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This book, which covers Visions and hallucinations, explains what causes them and summarises how many hallucinations have been caused by each event or activity. It also provides specific help with questions people have asked us, such as ‘Is my medication giving me hallucinations?’.

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Observations placeholder

Arctic and Antarctic



Type of Spiritual Experience

Out of body

Number of hallucinations: 1


Dr. Grassian was a Board Certified Psychiatrist who was on the faculty of the Harvard Medical School for over twenty-five years

A description of the experience

From Psychiatric Effects of Solitary Confinement - Stuart Grassian

Psychiatric disturbances have been described in Arctic and Antarctic inhabitants (explorers, researchers, and their support staff), spending varying periods in winter isolation. In these regions, winters last for up to nine months with weather conditions so cold (-100°F) that leaving the confines of the indoors is dangerous. Typically, teams of work groups have fewer than fifty members who spend up to two years working in small quarters. Small group isolation conditions at these stations have been compared to life in prisons by at least one researcher:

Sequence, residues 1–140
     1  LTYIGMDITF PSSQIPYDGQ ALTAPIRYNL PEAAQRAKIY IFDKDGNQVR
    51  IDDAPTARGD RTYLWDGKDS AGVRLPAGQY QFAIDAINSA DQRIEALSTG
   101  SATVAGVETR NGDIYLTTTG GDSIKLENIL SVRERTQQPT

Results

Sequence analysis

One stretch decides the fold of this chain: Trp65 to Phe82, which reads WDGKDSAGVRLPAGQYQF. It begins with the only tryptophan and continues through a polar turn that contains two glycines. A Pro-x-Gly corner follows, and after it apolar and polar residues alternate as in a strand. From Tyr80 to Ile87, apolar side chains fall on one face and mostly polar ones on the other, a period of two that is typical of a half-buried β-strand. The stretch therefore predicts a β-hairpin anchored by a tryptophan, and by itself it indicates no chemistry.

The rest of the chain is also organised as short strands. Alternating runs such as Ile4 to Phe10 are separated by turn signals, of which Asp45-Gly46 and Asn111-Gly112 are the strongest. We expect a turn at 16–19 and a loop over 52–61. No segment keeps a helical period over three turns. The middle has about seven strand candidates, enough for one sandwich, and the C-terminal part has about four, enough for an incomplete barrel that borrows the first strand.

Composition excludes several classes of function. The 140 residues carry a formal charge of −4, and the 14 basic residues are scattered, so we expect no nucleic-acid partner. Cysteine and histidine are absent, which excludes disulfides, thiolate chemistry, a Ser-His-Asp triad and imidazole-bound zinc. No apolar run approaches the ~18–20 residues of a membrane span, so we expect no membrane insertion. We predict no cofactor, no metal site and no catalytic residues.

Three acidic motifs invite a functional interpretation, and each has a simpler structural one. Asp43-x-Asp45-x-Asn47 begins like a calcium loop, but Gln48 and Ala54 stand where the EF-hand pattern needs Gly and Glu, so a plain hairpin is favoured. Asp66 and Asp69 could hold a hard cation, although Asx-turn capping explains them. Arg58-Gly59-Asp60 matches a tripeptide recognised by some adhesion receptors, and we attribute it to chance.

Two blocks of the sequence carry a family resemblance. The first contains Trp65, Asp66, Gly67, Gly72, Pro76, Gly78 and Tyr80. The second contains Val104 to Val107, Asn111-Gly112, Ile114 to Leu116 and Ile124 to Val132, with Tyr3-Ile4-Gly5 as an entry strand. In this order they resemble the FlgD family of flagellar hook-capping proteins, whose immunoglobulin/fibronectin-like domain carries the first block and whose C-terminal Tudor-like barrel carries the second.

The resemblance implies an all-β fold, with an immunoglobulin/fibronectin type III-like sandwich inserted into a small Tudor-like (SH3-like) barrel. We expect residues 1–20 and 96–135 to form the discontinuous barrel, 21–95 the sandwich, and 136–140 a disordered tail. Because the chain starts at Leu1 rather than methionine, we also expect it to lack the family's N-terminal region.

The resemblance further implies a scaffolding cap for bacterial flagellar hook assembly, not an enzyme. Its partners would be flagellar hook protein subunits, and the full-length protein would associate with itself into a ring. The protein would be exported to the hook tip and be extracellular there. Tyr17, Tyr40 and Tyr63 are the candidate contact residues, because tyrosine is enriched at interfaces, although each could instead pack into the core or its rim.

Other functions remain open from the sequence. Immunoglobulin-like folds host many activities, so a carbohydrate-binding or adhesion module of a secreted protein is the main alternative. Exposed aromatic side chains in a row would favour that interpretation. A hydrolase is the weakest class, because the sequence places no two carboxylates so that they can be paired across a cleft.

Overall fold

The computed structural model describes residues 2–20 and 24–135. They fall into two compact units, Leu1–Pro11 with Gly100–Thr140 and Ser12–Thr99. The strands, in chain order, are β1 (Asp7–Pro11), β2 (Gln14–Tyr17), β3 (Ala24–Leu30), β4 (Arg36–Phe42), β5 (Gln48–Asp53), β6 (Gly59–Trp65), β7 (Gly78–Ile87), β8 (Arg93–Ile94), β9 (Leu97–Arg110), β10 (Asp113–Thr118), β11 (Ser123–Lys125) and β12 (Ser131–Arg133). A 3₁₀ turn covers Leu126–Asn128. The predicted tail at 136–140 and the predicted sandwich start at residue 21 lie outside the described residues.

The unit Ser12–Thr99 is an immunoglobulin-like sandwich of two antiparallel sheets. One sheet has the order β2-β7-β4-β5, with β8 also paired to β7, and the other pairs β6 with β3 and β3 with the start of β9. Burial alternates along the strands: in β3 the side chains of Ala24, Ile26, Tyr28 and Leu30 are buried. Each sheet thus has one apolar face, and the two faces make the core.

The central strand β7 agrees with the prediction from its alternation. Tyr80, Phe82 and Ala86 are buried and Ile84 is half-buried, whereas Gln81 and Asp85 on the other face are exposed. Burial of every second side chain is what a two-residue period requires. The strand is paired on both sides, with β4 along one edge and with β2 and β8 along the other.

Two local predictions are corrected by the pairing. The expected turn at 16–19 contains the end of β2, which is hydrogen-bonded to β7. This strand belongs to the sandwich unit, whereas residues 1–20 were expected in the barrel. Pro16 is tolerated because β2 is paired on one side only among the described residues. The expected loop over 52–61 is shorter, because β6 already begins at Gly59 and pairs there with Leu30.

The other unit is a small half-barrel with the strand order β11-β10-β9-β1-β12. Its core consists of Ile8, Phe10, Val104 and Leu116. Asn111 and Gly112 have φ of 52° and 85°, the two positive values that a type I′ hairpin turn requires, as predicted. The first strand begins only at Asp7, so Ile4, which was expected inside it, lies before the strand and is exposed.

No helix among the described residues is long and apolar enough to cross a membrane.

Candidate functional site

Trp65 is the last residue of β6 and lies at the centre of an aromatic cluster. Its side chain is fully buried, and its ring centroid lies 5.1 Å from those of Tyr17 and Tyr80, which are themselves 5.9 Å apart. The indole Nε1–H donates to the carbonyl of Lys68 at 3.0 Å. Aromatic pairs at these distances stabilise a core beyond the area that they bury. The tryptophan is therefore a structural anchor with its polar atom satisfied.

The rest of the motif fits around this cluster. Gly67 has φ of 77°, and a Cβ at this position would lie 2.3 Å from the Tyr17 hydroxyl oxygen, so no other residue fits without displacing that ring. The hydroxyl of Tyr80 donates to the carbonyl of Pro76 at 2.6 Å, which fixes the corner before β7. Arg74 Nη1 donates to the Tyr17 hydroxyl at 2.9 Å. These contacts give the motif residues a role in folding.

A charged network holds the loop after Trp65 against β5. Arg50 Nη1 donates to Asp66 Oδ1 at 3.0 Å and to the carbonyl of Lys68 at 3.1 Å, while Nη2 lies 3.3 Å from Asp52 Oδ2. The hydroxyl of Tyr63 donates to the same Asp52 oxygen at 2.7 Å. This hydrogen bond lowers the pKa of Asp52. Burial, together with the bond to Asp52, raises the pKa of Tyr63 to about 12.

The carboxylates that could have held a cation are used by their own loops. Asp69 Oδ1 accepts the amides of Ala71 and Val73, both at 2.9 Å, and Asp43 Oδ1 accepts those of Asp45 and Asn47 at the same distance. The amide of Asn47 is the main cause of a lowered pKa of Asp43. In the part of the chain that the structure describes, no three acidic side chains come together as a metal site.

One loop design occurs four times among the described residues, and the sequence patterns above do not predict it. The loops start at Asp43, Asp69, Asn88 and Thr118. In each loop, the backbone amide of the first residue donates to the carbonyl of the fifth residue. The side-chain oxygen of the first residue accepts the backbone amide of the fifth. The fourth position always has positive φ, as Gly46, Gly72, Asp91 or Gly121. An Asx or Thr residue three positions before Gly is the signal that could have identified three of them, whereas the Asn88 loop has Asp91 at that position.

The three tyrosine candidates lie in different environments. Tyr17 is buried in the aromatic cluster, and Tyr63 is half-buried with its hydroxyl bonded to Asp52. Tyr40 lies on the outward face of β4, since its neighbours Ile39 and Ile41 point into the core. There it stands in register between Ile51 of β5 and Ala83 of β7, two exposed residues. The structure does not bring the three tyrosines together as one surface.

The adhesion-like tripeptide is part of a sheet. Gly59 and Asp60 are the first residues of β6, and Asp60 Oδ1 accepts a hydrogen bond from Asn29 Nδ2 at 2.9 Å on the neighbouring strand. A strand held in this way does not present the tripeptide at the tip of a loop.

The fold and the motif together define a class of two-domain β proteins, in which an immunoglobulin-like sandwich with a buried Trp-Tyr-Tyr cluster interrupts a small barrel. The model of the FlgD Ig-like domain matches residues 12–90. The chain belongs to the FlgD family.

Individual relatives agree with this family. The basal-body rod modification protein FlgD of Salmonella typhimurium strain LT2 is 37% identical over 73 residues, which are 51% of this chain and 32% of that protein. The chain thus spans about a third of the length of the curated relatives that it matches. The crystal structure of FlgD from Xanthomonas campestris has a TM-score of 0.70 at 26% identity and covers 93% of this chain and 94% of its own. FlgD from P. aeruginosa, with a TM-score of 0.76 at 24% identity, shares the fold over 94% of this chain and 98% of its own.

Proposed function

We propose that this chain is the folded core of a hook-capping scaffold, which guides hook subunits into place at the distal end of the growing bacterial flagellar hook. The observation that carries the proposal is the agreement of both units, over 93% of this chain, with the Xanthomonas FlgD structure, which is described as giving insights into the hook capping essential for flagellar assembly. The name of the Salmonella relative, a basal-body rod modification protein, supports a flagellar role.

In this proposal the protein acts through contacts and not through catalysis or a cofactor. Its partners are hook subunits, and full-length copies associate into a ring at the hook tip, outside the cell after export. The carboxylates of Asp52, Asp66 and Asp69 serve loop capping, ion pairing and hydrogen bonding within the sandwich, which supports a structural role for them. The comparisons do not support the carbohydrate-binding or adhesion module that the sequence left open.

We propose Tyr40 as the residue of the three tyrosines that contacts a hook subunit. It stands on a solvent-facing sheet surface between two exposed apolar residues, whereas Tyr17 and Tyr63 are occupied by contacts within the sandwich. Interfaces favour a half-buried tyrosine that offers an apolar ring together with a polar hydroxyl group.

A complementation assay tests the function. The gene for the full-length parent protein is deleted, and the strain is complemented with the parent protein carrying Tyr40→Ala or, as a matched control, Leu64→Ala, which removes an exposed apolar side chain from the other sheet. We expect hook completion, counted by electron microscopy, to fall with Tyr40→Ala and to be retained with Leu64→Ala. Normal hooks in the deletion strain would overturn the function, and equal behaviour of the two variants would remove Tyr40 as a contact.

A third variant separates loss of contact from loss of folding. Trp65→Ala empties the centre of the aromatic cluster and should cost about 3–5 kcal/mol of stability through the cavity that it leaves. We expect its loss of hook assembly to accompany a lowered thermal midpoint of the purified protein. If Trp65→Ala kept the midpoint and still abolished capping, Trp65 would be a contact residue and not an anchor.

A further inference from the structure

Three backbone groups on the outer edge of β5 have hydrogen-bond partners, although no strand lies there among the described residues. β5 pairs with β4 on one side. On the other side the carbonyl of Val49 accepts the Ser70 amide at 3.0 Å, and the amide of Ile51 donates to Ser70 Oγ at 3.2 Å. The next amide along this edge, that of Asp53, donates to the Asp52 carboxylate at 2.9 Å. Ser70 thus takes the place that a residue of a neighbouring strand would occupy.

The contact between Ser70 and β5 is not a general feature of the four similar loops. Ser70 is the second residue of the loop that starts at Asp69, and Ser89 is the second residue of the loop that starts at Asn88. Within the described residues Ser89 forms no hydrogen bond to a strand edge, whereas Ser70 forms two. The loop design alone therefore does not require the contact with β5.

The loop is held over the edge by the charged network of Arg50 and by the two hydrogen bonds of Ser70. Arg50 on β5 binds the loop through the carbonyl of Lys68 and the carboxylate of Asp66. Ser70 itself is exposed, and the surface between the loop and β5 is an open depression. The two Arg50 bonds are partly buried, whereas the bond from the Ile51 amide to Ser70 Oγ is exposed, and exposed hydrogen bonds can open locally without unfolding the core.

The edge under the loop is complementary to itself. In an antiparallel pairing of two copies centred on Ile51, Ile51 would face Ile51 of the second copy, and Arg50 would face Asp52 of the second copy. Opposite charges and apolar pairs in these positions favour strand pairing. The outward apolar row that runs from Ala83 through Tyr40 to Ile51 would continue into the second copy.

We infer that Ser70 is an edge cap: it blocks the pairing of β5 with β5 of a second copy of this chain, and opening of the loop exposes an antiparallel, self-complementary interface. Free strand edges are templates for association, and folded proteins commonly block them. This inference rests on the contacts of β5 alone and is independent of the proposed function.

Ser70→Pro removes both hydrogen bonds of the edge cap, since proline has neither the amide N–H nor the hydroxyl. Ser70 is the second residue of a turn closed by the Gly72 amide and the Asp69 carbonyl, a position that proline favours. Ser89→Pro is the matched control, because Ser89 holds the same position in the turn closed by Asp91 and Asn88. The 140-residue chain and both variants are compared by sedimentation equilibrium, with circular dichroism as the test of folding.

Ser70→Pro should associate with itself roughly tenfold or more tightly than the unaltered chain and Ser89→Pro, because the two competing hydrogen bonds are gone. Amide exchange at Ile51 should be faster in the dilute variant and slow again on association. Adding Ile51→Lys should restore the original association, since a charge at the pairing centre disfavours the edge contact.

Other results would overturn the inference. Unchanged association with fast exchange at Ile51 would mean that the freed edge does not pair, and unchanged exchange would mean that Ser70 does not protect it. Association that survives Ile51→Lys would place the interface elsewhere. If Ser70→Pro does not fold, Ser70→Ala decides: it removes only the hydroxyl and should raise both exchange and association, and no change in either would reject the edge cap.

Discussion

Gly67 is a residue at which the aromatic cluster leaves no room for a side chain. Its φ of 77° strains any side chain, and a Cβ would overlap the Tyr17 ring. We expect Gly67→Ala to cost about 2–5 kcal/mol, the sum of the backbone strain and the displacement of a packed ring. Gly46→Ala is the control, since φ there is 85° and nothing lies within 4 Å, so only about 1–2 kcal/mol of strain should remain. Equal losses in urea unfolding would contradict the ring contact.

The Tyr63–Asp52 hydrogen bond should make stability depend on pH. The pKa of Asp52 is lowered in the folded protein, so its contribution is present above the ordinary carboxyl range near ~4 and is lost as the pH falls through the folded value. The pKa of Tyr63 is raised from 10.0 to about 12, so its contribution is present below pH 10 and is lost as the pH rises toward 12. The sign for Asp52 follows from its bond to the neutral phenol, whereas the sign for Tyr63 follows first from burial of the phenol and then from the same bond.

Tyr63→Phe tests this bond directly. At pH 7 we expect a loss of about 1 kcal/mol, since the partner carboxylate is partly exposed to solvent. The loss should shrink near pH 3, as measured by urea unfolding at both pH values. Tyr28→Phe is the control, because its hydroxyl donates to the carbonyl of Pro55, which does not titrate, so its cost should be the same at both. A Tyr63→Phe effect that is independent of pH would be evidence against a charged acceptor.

“[T]he isolation imposed by the harsh environment [of the Antarctic] is rarely experienced outside penal conditions.”[ Robert J. Biersner & Robert Hogan, Personality Correlates of Adjustment in Isolated Work Groups, 18 J. RESEARCH IN PERSONALITY 491, 491 (1989).]

As a result of these disturbing findings among Antarctic workers, systematic efforts have been made to provide psychological screening of potential station employees and to ameliorate the isolation conditions prevailing in such stations. Despite these efforts, significant psychiatric disturbances have continued to be observed.

A review of the literature on the psychological adjustment to Arctic life described a syndrome which parallels the Antarctic literature: sleep disturbances, apathy, irritability, cognitive dysfunction, hallucinations, depression, and anxiety were widely reported as a result of the small group isolation endured by inhabitants.

. . . . [I]nsomnia, pallor, loss of appetite, loss of interest, psychomotor retardation, paranoidal ideation, [and] nonspecific hallucinations of light flashes and sudden movements [were also experienced].”

The source of the experience

Explorer or adventurer unnamed

Concepts, symbols and science items



Science Items

Activities and commonsteps